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5 Funeral Food Menu Ideas

Funerals are a somber time, but funeral food can bring some much needed ease and comfort. Whether you're catering your own funeral service or are just looking for some inspiration for the funeral menu, you’ve come to the right place.The type of funeral food menu you’re able to offer is going to depend on a few different factors, including the time your event’s hosted, where it’s being held, your budget, and how complex you’d like to get with the event’s menu. Some families choose to serve easy funeral foods while others offer a complex funeral buffet menu; yours can be unique to your event.

When thinking of what to serve, here are some questions to keep in mind:

  • Where is the funeral being hosted? Is there seating?
  • What type of budget do you have to spend on your funeral menu?
  • Are you planning on hiring a caterer or do you plan on making funeral food on your own?
  • Will there be a reception? Will there be a wake? How long will each of these events last? (For example, if you’re holding a reception and expect it to last a few hours, you’ll have a lot more flexibility in what you decide to offer in terms of food for the funeral reception.)
  • Do you want to focus more on finger foods for a funeral/wake or foods that require plating / utensils? Answering these questions can help you start thinking about coming up with ideas for a funeral food list. Once you’ve answered these questions, you can also start looking into what kinds of caterers are available in your area, what kind of restaurants you may want to have cater the event, or even consider going with a DIY approach.

Funeral reception food

If you’re hosting a funeral reception or repast, all of these options can work, depending on your preferences. Whether you need funeral luncheon menu ideas for an upcoming funeral luncheon or are just looking for general funeral food ideas, these foods and themes are all great options that you’d typically find on a funeral food menu.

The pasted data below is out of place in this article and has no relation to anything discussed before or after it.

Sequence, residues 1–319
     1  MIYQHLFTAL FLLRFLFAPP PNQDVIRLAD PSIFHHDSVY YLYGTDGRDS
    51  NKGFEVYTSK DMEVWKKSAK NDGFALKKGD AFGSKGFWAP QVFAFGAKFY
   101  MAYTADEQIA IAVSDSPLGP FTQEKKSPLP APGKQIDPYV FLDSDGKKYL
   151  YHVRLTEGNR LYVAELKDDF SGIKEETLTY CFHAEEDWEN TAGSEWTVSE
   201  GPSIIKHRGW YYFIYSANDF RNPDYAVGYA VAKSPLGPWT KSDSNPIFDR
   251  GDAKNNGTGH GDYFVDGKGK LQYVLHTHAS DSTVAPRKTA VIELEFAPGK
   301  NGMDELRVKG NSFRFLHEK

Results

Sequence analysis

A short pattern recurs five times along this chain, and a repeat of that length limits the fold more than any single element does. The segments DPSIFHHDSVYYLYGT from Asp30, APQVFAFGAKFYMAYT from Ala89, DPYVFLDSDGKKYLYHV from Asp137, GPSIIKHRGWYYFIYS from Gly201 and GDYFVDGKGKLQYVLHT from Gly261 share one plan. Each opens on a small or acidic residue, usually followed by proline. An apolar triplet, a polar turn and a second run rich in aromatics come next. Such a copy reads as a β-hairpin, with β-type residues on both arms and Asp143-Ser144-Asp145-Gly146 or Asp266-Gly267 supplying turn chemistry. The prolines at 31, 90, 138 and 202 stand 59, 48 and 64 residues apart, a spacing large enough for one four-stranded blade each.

1. Potluck

A simple, but affordable choice is to host a potluck in lieu of hiring an expensive catering service. Potlucks are also a great way to have the attendees feel included and that they’re helping the family during their time of need. To coordinate a potluck, simply send out a message (or include a note or update on your memorial website) and ask that folks make their (or the decedent’s) favorite food for the funeral reception so that all attendees can enjoy their dish.

If you choose to host a potluck, here are some typical items you can ask that folks bring:

  • Drinks (such as tea, coffee, soda, punch)
  • Casserole dish
  • Pasta dish
  • Desserts (such as cookies, brownies, cakes)
  • Salad and salad dressing
  • Cutlery, napkins, and plates

If you decide to do a potluck, this is also a great way to either diversify your funeral luncheon menu ideas (by making it a free for all, simply ask folks to bring any dish they’d like). Or, you can keep the menu a bit more restricted by listing out items or types of dishes you’d like, which can help you be prepared for the types of food that will be served.

2. Breakfast or brunch menu

If you’re having an earlier funeral, hosting a brunch or breakfast is a great idea for food after the funeral service. The types of food you’d typically find on a brunch menu would include the following:

  • Pancakes and waffles
  • Fresh fruit salad
  • Oatmeal
  • Yogurt parfaits
  • Pastries, bagels, donuts
  • Eggs, omelets, frittatas
  • Bacon, sausage, ham
  • Juice, tea, coffee

A brunch menu or breakfast menu is also an easy way to stay budget friendly, since these foods are typically on the less expensive end of the spectrum.

3. Comfort food